In February 1989, Ogilvy & Mather became the first officially registered Western ad agency in the Soviet Union by forming a joint venture with Soviet shop Soyuztorgreklama and Hungary's Mahir. At the time, the closest thing to an ad was a print effort featuring a dreary faded blue globe encircled by a rusty airplane and the slogan, "Comrades! Employ the services of Aeroflot!" The real joke was not the ad's complete lack of marketing finesse but the fact that if they wished to fly, they had no choice but to use the decrepit Soviet state airline anyway.
Today, there are other known airlines, such as Transaero, and they compete for customers. There are also marketing surveys, giveaways and reels of commercials for such familiar Western brand names as Snickers, Milky Way, Coke, Pepsi, Wrigley's, Uncle Ben's, Lucky Strike, Whiskas, Pedigree Pal, Ariel, Tix, Bayer and Panadol.
The business is sufficiently new that there are still no numbers for overall ad spending in Russia. But there are more than 100 listings in the Moscow phone book alone for ad agencies, and hundreds of marketers are advertising.
"This has become a conspicuous consumption society," said Bruce Macdonald, general director ofBBDO Marketing and a five-year Moscow veteran. "With all these changes, we feel like we're becoming a real advertising business."
Once competing mostly for the chance to arrange the occasional product introduction news conference, agencies today call themselves full service organizations with their own creative departments churning out slick, Western-quality ads.
McCann-Erickson Russia, for example, had $234,000 in billings in 1992 when it closed a joint venture with Novosti and went it alone. Today, General Manager Simon Hewitt is estimating $15 million to $20 million in billings for 1994 from blue chip multinationals including Coca-Cola Co., General Motors Corp., Opel Europe, Nabisco Foods Group, Gillette Co. and R.J. Reynolds International.
Gradually over five years, the Western shops such as Saatchi & Saatchi Advertising Worldwide, Dentsu and Boston agency Friedmann & Rose have also helped develop a generation of young Russians eager to embrace consumer goods and understand marketing.
When BBDO first hung its shingle on the back door of an out-of-the-way meteorology exhibition hall in northern Moscow, the three employees spent most of their time on public relations and market consulting. Today, the 25 to 30 staffers devote at least 60% of their time to media and creative projects, Mr. Macdonald said.
Back then, when concepts like marketing and advertising were still thought of as a capitalist disease, founders Gary Burandt and Michael Adams wondered whether they would live to see Young & Rubicam/Sovero, Y&R's joint venture set up in April 1989, make its mark.
By the start of 1993, an exuberant Mr. Adams was saying that Y&R was "farther along than I ever imagined we'd be," with $5 million in billings, a fully staffed creative department and ads for Sony Corp., Jacobs Suchard and Russia's privatization campaign rolling out nationally.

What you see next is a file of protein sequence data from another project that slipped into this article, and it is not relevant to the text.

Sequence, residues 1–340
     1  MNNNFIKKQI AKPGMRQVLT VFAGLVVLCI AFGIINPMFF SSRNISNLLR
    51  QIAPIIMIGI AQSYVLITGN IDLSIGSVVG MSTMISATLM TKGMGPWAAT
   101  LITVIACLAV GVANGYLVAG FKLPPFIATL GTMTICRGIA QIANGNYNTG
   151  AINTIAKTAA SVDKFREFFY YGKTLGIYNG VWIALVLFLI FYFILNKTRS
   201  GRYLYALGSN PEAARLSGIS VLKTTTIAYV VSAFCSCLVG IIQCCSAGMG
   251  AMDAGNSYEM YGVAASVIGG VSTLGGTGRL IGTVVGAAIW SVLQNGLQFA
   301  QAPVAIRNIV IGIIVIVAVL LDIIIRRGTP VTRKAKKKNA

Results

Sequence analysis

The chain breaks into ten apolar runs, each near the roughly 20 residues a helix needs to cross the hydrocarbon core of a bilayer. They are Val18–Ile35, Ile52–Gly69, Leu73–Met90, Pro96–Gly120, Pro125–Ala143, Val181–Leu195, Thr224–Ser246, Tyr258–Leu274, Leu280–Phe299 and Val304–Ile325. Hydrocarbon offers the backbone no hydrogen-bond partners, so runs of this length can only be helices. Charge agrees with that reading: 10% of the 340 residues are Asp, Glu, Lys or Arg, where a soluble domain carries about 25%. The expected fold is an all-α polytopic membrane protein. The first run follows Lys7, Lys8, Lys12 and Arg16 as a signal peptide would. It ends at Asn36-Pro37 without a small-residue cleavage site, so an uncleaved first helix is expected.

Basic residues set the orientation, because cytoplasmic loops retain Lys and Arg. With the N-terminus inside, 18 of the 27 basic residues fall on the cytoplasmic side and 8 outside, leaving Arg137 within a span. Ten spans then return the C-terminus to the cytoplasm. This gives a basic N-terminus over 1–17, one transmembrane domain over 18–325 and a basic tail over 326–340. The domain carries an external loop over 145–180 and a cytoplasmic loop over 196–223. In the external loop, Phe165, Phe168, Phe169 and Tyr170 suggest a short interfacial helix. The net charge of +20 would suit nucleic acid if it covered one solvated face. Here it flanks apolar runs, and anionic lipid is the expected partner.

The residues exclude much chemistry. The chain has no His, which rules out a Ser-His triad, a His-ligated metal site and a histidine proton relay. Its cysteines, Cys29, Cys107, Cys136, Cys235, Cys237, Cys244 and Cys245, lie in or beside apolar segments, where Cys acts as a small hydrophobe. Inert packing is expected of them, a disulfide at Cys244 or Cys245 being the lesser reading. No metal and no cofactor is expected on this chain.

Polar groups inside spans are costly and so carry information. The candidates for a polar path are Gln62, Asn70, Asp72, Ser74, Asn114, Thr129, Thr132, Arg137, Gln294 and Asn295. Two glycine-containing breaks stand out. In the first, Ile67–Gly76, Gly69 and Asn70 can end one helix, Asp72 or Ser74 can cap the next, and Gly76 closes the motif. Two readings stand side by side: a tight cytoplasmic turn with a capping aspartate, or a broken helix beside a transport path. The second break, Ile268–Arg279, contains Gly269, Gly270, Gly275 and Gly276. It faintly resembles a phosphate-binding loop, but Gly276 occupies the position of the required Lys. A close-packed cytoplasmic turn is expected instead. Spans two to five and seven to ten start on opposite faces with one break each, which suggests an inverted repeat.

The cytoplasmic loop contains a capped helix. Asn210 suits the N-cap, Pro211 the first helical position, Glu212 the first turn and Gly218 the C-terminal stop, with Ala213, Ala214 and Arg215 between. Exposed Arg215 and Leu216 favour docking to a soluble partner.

Also, the agency passed a milestone with the departure of the first generation of foreigners to head it when Mr. Adams returned to his Burson Marsteller office in Chicago last year, retaining his ceo title. Mr. Burandt departed soon after the agency got on its feet in April 1990.
There are thousands of Russian ad agencies. Take Avrora, a shop that now boasts 70 to 80 local clients, several Russian and international ad prizes and a new office opening in Miami.
Avrora General Director Vladimir Filippov said that though there are thousands of shops in Russia, very few can be considered agencies in a Western sense.
"An agency, in my view, is a company that takes care of all facets" of a client's advertising, he said, adding that most Russian agencies are more like brokers with access to certain media that they sell at discount to advertisers with in-house ad departments.
Like most of the other Western agencies, O&M, now independent of its joint venture, has seen business skyrocket to $5 million as international clients like Seagram Co., Shell Oil Co., Mattel and Rothmans International have moved in.
O&M is especially known for its TV commercials for Denmark's Dandy Candy Chewing Gum brand Stimorol. The Stimorol spots use the marketer's European theme line, "The original strong taste," translated into Russian as "Inimitable, long-lasting taste" and show scenes of the U.S. West.
One commercial shows an American-style he-man being chased and pulled over by two police officers, including a woman named Johnson. Officer Johnson is charmed by him and inks her phone number on the back of his speeding ticket.
In 1989 or 1990, one of the few ads around just showed a company logo and address. But today Western-style image, color and humor have taken over.
A TV spot for one of Russia's swiftly multiplying banks, for instance, tells the story of a struggling boy capitalist who washes car windows and looks about in awe at classy office furniture and miniskirted secretaries as he makes his way to the office of the bank president, who accepts him as a client.
Marketers' "old idea of `They'll buy what we make' is disappearing," Mr. Macdonald said. "Now, they're talking to the consumer, and their ads are telling the public why their [product] is better."